Revving up for the Fox

While the world might still be undecided on what exactly the fox says, thanks to Norwegian comedy duo Ylvis, millions more are at least pondering the question.

I first heard “The Fox” in late September, when an American friend posted it on my Facebook wall. The song was all the rage in the States, he said. How was it received in Norway? I was a little embarrassed to admit that I hadn’t heard of it yet. I watched the techno song and dance routine. Then I watched it again. It was ridiculous and mesmerizing all at once.

By the end of the week, my other international friends in Norway were circulating the link widely, writing things like “hattee hattee hattee ho” on each other’s Facebook walls, self-congratulating on having chosen to study abroad in the country responsible for producing such a smash sensation. Before long, the song was everywhere: from softly hummed choruses to college campus fundraisers (one non-profit club offered to give you a small waffle and tell you ‘what the fox says’ for ever 25 kroners donated to their cause). When I visited the Norwegian Forestry Museum, our grizzled, animated tour guide broke into an impromptu “What Does the Moose Say?” riff, before teaching us how to make moose calls.

By early October, the viral video had received over 100 million hits on YouTube. The song currently sits in the number six spot on Billboard's Hot 100 list, right above Jay-Z and Lady Gaga. There are follow-up videos of “The Fox” synchronized with elaborate Halloween light displays.

So, what's the reception like in Norway? At this point in late October, I’ve found it to be nationally positive and uniting, without quite having worn out its welcome yet. Everyone knows it and receives it with laughs and good spirits. I'll be working with middle school students and one of them will start humming it absent-mindedly. Before long, all of us are singing it. The same thing happened at a preschool I visited, and though they didn't quite know the words, those three-year-olds could "ding-ding-ding-ding-dingeringeding" with the best of them. Even the educators sang along.

It's pretty impressive that “The Fox” makes it onto the very limited repertoire of English songs that Norwegian pre-schoolers can sing. At least at the pre-school where I was volunteering, it was basically “The Fox” and “Happy Birthday.” Okay, okay, you’re saying, “The Fox” is not so much English as silly animal sounds, a glorified “Old MacDonald.” That doesn’t stop it from being a sort of cheery rallying cry, the kind of song where you can sing a line and count on people smiling in recognition.

I think there's a sense of pride mixed with bemusement that such a ridiculous song could be bringing fame to Norway. It's like, what's the latest to come from Norway? The Nobel Peace Prize announcement and "The Fox." Ylvis – brothers Bård and Vegard – are determined not to let people read too deeply into the song. In one interview with Spin Magazine, Bård said, “Even though people find it interesting, it’s still a stupid fox song.”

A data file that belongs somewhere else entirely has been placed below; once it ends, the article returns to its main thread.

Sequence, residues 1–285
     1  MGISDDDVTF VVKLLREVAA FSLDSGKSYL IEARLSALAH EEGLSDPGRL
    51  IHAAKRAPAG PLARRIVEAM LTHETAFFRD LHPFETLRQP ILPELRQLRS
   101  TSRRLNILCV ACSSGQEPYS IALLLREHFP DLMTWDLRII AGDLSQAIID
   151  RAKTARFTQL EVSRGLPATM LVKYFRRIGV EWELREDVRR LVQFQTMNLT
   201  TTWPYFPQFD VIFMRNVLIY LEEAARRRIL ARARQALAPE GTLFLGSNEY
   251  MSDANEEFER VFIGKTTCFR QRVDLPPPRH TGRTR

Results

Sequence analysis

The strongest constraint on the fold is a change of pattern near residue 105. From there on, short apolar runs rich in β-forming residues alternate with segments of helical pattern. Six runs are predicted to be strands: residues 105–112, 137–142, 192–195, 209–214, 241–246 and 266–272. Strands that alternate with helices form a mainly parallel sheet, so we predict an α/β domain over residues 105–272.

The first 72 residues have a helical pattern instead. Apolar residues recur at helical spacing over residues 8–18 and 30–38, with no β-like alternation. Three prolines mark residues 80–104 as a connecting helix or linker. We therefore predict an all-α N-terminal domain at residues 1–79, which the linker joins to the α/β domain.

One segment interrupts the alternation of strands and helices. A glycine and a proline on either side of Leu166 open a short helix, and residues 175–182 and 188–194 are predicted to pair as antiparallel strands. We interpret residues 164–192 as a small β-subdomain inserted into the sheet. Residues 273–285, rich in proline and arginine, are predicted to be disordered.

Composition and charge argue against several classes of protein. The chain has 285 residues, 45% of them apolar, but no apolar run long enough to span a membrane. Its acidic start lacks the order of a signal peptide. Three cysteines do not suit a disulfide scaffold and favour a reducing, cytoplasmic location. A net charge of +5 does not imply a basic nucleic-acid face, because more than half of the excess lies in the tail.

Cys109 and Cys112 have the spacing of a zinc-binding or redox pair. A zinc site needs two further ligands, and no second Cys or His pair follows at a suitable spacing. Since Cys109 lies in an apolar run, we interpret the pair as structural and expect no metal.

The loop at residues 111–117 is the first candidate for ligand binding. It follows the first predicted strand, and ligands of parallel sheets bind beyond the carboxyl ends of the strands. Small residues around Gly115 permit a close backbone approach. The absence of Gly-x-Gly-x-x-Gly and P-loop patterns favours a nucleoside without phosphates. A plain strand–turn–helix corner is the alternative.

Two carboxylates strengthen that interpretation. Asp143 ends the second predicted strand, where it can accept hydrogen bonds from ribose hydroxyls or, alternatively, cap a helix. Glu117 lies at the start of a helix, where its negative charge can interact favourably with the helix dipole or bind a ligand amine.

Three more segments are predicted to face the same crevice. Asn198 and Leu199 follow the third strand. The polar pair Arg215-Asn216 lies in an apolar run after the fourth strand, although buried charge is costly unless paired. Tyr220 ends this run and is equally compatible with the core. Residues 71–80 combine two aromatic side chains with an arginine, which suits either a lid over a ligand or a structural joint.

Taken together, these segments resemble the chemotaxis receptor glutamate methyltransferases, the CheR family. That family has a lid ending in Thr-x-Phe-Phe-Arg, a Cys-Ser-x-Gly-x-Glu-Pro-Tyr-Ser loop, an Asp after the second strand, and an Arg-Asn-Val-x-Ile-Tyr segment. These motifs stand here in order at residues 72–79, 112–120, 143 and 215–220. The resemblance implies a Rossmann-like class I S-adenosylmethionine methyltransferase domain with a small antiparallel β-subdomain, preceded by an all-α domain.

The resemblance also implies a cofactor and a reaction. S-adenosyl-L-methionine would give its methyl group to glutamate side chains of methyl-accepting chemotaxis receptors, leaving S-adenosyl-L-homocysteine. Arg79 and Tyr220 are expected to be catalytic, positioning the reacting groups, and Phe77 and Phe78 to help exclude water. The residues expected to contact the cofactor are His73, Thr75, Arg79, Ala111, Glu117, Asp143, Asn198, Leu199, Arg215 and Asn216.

Still, the very fact that it is about a fox is all so Norwegian. The fox, or Rev in Norwegian, occupies a special place in national folk tales, often playing the role of clever trickster. In one story, Fox tricks Bear into sticking his tail into a hole in the ice for winter fishing (it’s a Norwegian story, after all). Bear’s tail freezes, and when Bear tries to stand up, the whole thing rips off – which is why bears have such short tails now. Another story involves Fox becoming a shepherd, at which point he proceeds to eat all the cows, sheep and goats. When the old woman goes out to check on her flocks, Fox sneaks inside the house and eats up all the cream. The woman finally just heaves the whole cream pot at Fox, and the last little drop splashes on his tail – which is why foxes have a splash of white on their tails. Maybe foxes are just inherently sneaky, because to some extent, this same portrayal has seeped into American lore—such as in the Roald Dahl story and film Fantastic Mr. Fox, or the song “The Fox went out on a Chilly Night.” Yet in our melting pot canon of American folklore, the fox competes with other clever figures: Anansi, and Br’er Rabbit, Coyote, etc. and thus is not quite as central a figure.

Today I was observing in a Norwegian second grade class for a day of outdoor learning. Before we headed to the forest, though, the entire school held a dress rehearsal for tomorrow’s musical performance for senior citizens. The first graders started it off, singing a jolly song about being in their first year at school, followed by the Norwegian ABC song. Then came the second graders, performing a more advanced techno-style ABC song (who even knew this existed?!). Finally, the 3rd, 4th, and 5th graders approached the stage. “They will be singing ‘The Fox,’” reported the emcee.

And so, for the first time, I got to hear “The Fox” performed with guitar accompaniment and tasteful swaying.

Later that day, I talked with the guitarist, Thomas, who also serves as the second grade teacher and the music director. I asked him how he had chosen to include “The Fox” in the line-up.

He stared at me as though the answer were obvious. “All the pupils love it,” he said, finally. Thomas told me that he started by teaching more traditional songs (i.e. ABC song and ABC upbeat-remix). He kept overhearing the students singing “The Fox,” so he decided to end with that song for a treat.

“Do you think the elderly guests will also know it?” I asked.

“If they don’t know it yet, they’re about to learn it!” he replied.

It’s quite possible that “The Fox” will start to drive people crazy, or perhaps it will just fade into mellow mediocrity. But you never know what sort of tricks Fox has up its sleeve. I think we are far from the last “pow pow pow pow powpapow.”